- Securities Industry and Financial Markets Association (SIFMA). Mr. Jacobsen represented SIFMA as amicus curiae in MBIA v. Countrywide, an appeal before the New York Appellate Division, First Department, involving key issues relevant to the lawsuits brought by monoline insurers against issuers of residential mortgage-backed securities.
- Yugoimport. Mr. Jacobsen represented Yugoimport, a foreign commerce enterprise based in Belgrade, Serbia, as lead counsel in an interpleader dispute with two successor nations to the former Socialist Federal Republic of Yugoslavia (the Republic of Slovenia and the Republic of Croatia) over ownership of Yugoimport's funds on deposit at the Bank of New York. This action implicates Federal common law principles concerning the presumption of separateness for foriegn instrumentalities, as well as the interpretation and application of the Agreement on Succession Issues, a foreign treaty between the successor states to the former Yugoslavia. Mr. Jacobsen argued Yugimport's appeal of the District Court's rulings on summary judgment before the Second Circuit Court of Appeals.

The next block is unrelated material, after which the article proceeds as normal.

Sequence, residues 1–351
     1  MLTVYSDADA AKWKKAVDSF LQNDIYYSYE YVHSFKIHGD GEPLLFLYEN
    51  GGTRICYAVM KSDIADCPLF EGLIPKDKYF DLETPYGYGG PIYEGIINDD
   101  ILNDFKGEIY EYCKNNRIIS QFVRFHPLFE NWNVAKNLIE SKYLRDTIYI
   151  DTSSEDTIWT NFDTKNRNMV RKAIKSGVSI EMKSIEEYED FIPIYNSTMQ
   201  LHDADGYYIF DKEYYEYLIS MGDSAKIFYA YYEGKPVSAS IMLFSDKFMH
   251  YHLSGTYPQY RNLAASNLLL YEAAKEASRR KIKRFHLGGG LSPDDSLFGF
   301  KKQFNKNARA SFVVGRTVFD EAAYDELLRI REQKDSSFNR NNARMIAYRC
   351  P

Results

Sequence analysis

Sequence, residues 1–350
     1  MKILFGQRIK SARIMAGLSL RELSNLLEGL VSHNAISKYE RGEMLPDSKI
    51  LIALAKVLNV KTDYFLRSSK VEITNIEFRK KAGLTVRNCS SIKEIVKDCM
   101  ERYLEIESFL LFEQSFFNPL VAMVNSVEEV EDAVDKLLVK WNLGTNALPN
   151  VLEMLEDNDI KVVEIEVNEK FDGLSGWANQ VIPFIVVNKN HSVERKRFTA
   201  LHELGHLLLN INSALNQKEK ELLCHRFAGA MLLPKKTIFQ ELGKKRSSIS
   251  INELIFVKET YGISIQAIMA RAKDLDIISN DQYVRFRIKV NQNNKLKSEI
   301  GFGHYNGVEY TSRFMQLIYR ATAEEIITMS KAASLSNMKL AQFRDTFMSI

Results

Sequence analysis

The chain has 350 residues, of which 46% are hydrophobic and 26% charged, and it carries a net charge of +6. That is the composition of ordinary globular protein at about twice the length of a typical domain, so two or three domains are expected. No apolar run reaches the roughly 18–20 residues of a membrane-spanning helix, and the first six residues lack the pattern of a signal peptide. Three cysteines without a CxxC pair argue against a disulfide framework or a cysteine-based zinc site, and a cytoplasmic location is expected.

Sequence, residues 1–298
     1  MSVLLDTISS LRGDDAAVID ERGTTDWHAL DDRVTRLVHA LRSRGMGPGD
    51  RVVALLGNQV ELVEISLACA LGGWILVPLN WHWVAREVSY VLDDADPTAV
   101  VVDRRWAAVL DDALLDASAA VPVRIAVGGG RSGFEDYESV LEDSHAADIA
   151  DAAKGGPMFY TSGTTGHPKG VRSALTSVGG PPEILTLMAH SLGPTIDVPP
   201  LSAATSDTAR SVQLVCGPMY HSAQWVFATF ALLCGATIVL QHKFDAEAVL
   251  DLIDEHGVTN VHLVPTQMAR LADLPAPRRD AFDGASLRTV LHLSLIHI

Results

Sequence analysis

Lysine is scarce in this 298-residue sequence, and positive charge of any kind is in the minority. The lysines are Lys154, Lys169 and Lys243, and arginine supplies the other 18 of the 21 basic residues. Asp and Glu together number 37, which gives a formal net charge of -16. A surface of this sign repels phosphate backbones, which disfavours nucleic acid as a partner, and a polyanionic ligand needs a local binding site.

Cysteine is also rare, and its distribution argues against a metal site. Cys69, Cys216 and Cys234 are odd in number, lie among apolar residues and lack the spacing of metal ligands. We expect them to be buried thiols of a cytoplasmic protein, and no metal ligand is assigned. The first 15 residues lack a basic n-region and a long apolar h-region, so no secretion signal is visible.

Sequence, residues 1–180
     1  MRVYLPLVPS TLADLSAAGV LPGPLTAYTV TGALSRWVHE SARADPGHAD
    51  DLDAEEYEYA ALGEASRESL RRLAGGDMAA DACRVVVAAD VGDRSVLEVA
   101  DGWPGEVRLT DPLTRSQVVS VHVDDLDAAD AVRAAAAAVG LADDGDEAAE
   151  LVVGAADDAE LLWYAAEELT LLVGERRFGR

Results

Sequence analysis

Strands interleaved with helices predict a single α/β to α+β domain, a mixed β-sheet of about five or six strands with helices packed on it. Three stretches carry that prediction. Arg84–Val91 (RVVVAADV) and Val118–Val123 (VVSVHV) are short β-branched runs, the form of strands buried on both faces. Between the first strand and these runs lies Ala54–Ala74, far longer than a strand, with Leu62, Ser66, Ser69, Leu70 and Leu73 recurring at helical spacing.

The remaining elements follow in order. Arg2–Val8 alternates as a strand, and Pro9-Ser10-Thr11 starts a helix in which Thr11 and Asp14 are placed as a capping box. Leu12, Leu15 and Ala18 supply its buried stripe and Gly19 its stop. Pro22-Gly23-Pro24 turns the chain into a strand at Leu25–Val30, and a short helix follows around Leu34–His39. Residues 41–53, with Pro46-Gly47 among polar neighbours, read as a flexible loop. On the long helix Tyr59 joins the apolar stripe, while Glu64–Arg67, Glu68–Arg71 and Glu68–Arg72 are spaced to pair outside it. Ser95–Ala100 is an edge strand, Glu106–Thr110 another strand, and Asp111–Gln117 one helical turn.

- Microsoft Corp. In 2011 - 2013, Mr. Jacobsen defended Microsoft in an action alleging negligent misrepresentation concerning the purchase and installation of accounting and budgeting software. Mr. Jacobsen and the team successfully dismissed the claims against Microsoft, and the dismissal was affirmed by the New York Appellate Division, First Department, on February 14, 2013.